Tips for Small Businesses
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Date: January 27, 2015
It seems like every day we read about another big company falling victim to a hacking or malware attack that results in the compromise of massive amounts of customer information. In fact, according to an Identity Theft Resource Center report, in 2014 there were 783 data breach incidents, which accounted for the compromise of 85,611,528 records. In another study from May of 2014, it is estimated that 47% of U.S. adults have had their personal information exposed by hackers. That’s quite a bit of compromised personal information!
Now, take a moment to think about all of the online accounts you use as part of managing your small business. Then think about all of your personal accounts for everything from banking to email to social media. That’s quite a bit of personal information that could potentially be compromised!
In an ideal world, companies would notify you directly if there is even a possibility that your account credentials have been compromised, so that you can take action to protect yourself. Of course, your very first step should be to change your password for the compromised account, as well as for any other accounts that use the same User Id or email address and the same or a similar password. (See this Tip post for more on creating strong passwords.)
Unfortunately, you just can’t count on being notified every time a company suffers a data breach. While some of this may be due to the breached company being less than transparent, it is more likely due to the fact that the company doesn’t know it has been breached. According to a recent report, it takes on average 170 days for a company to realize it is the victim of a cybercrime attack, and that goes up to 259 days if the attack involves an insider.
Who does know, almost immediately, if your personal information has been compromised? Thieves who want to use it to steal your money, or your identity. In the dark underworld of the Internet there are lists of compromised user credentials dumped for the unscrupulous taking, or made available for purchase.
So, now you’re probably thinking that it would be a good idea to try to check out those data dumps of stolen credentials just to make sure that yours are not in there. PwnedList is a free service that can do just that. You can also sign up for a free monitoring account that will send you an email alert if your email address shows up on one of these data dumps.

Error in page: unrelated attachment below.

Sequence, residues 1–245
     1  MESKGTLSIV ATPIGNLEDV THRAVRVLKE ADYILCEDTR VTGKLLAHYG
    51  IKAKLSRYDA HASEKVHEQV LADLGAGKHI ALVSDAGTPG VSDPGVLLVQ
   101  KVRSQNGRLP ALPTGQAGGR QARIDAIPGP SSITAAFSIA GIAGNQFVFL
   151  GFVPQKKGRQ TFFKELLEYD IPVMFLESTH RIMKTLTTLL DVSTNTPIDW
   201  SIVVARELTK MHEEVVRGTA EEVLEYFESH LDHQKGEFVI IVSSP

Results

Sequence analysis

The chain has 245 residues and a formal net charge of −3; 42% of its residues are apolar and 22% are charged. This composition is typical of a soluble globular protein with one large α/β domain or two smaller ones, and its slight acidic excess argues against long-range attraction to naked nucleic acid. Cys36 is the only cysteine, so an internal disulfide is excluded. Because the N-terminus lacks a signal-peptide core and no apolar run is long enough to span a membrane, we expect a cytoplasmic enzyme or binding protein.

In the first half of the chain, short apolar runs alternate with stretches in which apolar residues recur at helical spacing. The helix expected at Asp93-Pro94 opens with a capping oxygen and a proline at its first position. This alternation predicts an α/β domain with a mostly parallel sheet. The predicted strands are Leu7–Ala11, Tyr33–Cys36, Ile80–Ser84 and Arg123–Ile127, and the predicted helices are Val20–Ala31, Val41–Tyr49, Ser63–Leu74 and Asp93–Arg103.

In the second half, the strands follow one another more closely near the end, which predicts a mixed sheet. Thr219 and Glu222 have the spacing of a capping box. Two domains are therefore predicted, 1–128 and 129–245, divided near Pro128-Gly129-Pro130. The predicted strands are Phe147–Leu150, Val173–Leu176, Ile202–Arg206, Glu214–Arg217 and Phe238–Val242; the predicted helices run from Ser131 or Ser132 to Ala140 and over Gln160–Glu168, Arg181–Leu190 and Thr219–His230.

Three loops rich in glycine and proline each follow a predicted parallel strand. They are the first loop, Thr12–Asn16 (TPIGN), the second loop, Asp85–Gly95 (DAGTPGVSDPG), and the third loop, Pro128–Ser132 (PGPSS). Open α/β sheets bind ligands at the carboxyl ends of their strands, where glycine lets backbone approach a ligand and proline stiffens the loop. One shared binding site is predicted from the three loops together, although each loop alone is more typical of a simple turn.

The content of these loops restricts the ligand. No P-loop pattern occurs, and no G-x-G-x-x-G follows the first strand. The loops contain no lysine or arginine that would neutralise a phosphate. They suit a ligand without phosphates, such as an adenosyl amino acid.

(In case you’re wondering, the name came from the hacker slang “pwn” (typically pronounced “own”), meaning to compromise and control a computer, a gamer, a user, an iPhone, etc. The derivative “pwned” means a person or device that has been so subjugated.)
Start here, enter your email address, and click the “have you found my accounts” button. The PwnedList database goes back to 2011, and the results page will let you know if, and how many times, your email address and associated password was found in a stolen credentials list. It will also show you the last date on which your credentials were found. So if you see something recent, that is cause for concern. If you see results from 2 years ago, it is probably nothing to worry about.
For more information about compromises of your user credentials, you can sign up for a free PwnedList account. This free account lets you monitor multiple email addresses, and provides more detailed information about any compromise. Most importantly, it will show you the email address and exact associated password compromised, along with the source of the breach. Your password will either be in plain text or hashed. If it is plaintext, you can be sure that it has been compromised and you should change it immediately at the compromised site, and at any others with the same or a similar password. If it appears hashed (something like “pbljdv9SoUM=”), then only an encrypted version of your password was stolen. Of course, the thieves may be able to decrypt it, so it is still a good idea to change it.
The first email alert you get from PwnedList will likely include some very old breaches. Again, don’t worry about these (unless you haven’t changed your credentials for that account since the noted date). Any subsequent emails you get will be a result of a recent breach, and you should take action immediately.
For more information about PwnedList, check out their about page, and their FAQ. The service is free, and they don’t use your email address for anything but querying their database and sending you alerts. So, take a moment today to make sure that your credentials have not been compromised.
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